I think in the next few months this blog will turn into something more about my life and what I feel I need to write about. Sorry if it seems like navel gazing, but I’ve said so much about feminism and I’m still sorting out my head and my feelings about the whole thing. Maybe it takes time to find a balance somewhere, to find a way of writing that feels comfortable, and not feeling dictated by what you feel is expected of you. To get anywhere, there really does need to be dialogue between everyone, not just a select few. I want to feel free to write about what I enjoy writing about, what I enjoy doing, what makes sense to me, rather than feeling restricted and wondering if I ‘dare’ talk about something. That feels like oppression to me!

The picture is of one of the famed Nana’s by Niki De Saint Phalle, one of my favourite artists 🙂

4 Comments Add yours

  1. Debs says:

    Hi Liz

    I love this post – it seems to reflect a lot of the things quite a few people have been thinking lately. And really well done on getting your dissertation finished – I hope you do get it published somewhere, I for one would love to read it!

    “Maybe it takes time to find a balance somewhere, to find a way of writing that feels comfortable, and not feeling dictated by what you feel is expected of you. To get anywhere, there really does need to be dialogue between everyone, not just a select few. I want to feel free to write about what I enjoy writing about, what I enjoy doing, what makes sense to me, rather than feeling restricted and wondering if I ‘dare’ talk about something. That feels like oppression to me!”

    I think you’re exactly right, especially about writing what you want and not what you feel you should. It takes bravery to do that, because as soon as you change subject (I have found) people who were supportive before sometimes lose interest, and your hits go through the floorboards. I’ve just binned yet another blog because I still felt I couldn’t truly be myself there.

    Anyway, I hope you’re well, and when you decide to write, whatever you decide to write, I’ll look forward to reading it! 🙂

    Like

  2. diddums says:

    Hi Liz, thanks for writing in! You’ve been busy. I haven’t been to see anything, but last time I stood in a queue outside the cinema, I felt claustrophobic! We went to a Christmas panto once where they were talking to people in the audience, and I was terrifed they would pick on me… as I didn’t know what they were saying. 🙂 They left me alone, but I stopped attending plays.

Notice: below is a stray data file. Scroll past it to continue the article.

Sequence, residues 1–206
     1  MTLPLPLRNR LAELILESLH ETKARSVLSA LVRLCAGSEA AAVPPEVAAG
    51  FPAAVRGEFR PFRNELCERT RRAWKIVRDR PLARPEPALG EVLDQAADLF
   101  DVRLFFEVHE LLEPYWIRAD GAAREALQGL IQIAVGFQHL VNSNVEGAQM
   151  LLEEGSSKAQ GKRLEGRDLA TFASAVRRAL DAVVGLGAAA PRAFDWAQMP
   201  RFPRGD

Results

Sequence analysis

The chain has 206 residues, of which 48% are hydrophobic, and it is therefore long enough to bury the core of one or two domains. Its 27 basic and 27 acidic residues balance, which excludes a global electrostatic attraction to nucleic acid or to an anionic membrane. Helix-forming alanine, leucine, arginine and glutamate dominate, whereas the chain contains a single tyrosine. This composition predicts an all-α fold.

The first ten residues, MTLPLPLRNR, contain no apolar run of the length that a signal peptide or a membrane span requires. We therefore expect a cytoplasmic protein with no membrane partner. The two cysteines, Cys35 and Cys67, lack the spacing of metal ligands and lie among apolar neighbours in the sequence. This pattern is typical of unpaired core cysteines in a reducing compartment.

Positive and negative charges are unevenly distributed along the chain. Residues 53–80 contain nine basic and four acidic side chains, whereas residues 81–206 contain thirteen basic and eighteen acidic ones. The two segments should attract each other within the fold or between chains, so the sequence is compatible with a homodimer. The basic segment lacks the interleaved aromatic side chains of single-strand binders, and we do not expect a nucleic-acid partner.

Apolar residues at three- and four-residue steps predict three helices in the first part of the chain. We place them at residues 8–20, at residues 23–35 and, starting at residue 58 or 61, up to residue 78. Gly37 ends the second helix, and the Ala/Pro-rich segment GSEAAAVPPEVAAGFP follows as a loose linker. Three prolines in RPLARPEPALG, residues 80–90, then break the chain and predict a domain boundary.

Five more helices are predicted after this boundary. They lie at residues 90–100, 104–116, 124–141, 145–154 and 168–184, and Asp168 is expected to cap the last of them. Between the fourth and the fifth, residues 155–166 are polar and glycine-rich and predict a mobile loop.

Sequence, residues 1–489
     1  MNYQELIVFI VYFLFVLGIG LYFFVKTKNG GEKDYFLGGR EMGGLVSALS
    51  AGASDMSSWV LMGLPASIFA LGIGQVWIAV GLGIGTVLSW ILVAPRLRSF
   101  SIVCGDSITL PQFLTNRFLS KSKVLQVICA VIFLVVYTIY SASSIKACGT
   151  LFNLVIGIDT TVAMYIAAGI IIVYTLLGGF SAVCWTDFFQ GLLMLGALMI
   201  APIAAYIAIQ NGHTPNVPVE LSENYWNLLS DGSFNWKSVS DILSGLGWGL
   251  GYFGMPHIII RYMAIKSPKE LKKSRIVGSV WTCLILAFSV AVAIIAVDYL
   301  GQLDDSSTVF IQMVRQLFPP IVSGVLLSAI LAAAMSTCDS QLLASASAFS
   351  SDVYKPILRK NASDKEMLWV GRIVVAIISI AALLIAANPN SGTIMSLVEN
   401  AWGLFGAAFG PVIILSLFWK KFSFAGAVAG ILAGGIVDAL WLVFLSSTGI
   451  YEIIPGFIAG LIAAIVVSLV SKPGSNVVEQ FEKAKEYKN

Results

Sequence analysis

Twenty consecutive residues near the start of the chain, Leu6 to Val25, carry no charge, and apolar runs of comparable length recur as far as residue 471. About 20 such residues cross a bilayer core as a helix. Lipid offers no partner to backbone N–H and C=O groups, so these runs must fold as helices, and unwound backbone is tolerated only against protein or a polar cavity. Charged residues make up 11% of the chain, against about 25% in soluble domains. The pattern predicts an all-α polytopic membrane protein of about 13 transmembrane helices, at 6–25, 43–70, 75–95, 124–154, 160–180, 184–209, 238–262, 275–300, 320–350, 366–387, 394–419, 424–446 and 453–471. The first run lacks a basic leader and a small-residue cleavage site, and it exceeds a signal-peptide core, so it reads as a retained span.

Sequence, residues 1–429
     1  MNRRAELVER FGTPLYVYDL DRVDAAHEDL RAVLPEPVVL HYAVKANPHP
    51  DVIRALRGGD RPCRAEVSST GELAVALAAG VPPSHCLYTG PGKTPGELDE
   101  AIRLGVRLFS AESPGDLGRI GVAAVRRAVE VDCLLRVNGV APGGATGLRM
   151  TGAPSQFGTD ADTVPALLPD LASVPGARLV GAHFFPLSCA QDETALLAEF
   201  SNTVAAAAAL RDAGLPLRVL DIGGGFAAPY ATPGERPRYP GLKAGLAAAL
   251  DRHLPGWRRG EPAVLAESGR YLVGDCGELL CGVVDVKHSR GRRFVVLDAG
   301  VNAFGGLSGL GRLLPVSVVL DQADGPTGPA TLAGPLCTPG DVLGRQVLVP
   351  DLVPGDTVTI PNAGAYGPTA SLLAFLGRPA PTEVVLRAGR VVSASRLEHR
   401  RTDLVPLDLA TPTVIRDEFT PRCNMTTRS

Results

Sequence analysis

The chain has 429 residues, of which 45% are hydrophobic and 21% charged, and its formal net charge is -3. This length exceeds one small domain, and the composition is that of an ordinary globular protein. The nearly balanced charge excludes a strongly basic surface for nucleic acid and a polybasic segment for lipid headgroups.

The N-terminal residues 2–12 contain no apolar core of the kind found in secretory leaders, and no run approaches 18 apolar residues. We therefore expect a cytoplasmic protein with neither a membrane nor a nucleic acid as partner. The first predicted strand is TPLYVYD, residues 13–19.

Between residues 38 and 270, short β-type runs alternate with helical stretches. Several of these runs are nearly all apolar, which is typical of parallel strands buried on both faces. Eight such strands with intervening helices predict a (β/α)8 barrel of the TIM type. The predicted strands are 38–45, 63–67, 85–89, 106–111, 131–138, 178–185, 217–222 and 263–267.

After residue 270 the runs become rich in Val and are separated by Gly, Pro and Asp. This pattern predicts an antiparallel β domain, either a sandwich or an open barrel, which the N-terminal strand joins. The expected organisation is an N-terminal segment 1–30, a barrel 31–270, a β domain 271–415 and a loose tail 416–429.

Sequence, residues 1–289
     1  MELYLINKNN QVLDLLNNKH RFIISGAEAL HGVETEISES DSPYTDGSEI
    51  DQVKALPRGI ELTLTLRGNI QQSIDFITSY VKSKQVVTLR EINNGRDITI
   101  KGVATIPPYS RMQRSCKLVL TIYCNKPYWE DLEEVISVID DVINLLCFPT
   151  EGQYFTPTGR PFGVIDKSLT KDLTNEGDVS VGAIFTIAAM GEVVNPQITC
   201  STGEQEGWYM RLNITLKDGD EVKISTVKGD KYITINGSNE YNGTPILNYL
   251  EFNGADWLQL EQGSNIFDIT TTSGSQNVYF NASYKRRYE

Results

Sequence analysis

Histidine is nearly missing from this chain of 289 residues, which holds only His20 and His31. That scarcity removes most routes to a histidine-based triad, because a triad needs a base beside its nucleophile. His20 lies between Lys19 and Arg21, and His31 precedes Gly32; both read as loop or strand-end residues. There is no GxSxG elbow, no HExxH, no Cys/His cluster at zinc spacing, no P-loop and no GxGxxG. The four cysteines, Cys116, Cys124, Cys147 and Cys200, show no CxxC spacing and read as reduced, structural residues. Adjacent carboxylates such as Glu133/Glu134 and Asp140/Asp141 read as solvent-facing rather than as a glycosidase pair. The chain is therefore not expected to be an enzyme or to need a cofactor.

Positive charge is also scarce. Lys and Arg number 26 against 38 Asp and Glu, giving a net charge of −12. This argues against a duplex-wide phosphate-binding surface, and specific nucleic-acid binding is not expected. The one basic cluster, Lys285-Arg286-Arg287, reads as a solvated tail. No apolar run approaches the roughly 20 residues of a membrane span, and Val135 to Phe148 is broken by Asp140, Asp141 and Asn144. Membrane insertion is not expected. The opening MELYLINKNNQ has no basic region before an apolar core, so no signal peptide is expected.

I know what you mean about not wanting to be restricted to writing anything in particular. I find it hard to write what I want to say at times even though I never promised to be writing about anything specific.

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  3. Michelle says:

    I think in the next few months this blog will turn into something more about my life and what I feel I need to write about. Sorry if it seems like navel gazing, but I’ve said so much about feminism and I’m still sorting out my head and my feelings about the whole thing.

    I feel the same about feminist blogging at the mo, I just can’t seem to find the energy or inspiration to write anything, it’s either all been said before, or I just find myself tying myself in knots over a particular point, and it’s got to a stage where I’d really rather be doing something far more practical than blogging. When I first started blogging I found it exciting and useful, because it was a way of connecting with other feminists in a way I hadn’t previously been able to, and because my feminism was still forming, I was a lot less inhibited about saying things. But now, having developed my thinking, prompted by my studies, I find that what I want to say doesn’t seem to fit so well with the blogosphere anymore, and that’s where the frustration has set in.

    I’m really glad to hear your dissertation went well, it sounds like a fascinating and worthy project, and I hope you do get the chance to develop it further. Personally, my experience with academia this year has left me a little burnt-out, and I can’t imagine doing a PhD anytime in the near future. You mentioned on my blog that the distinction between academic and grassroots feminist writing should collapse, and I agree, I think if I were to do research/writing on feminist issues in the future, it couldn’t be for a purely academic audience. It would have to have that activist, ‘real-world’ element.

    Like

  4. rachelcervantes says:

    Hope you are well!

    Like